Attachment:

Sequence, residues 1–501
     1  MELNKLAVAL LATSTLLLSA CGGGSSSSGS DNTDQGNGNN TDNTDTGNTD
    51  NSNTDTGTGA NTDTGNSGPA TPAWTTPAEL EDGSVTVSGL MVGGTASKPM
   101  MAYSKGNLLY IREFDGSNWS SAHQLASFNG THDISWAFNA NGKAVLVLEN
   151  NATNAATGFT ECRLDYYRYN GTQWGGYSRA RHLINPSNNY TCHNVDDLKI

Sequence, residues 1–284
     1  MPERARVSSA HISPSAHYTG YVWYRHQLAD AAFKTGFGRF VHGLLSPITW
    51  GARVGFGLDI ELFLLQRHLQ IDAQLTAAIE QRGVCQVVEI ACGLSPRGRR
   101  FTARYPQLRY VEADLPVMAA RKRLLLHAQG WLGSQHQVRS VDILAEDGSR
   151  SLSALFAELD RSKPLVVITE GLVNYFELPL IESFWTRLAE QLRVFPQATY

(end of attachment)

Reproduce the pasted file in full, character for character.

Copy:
Sequence, residues 1–501
     1  MELNKLAVAL LATSTLLLSA CGGGSSSSGS DNTDQGNGNN TDNTDTGNTD
    51  NSNTDTGTGA NTDTGNSGPA TPAWTTPAEL EDGSVTVSGL MVGGTASKPM
   101  MAYSKGNLLY IREFDGSNWS SAHQLASFNG THDISWAFNA NGKAVLVLEN
   151  NATNAATGFT ECRLDYYRYN GTQWGGYSRA RHLINPSNNY TCHNVDDLKI

Sequence, residues 1–284
     1  MPERARVSSA HISPSAHYTG YVWYRHQLAD AAFKTGFGRF VHGLLSPITW
    51  GARVGFGLDI ELFLLQRHLQ IDAQLTAAIE QRGVCQVVEI ACGLSPRGRR
   101  FTARYPQLRY VEADLPVMAA RKRLLLHAQG WLGSQHQVRS VDILAEDGSR
   151  SLSALFAELD RSKPLVVITE GLVNYFELPL IESFWTRLAE QLRVFPQATY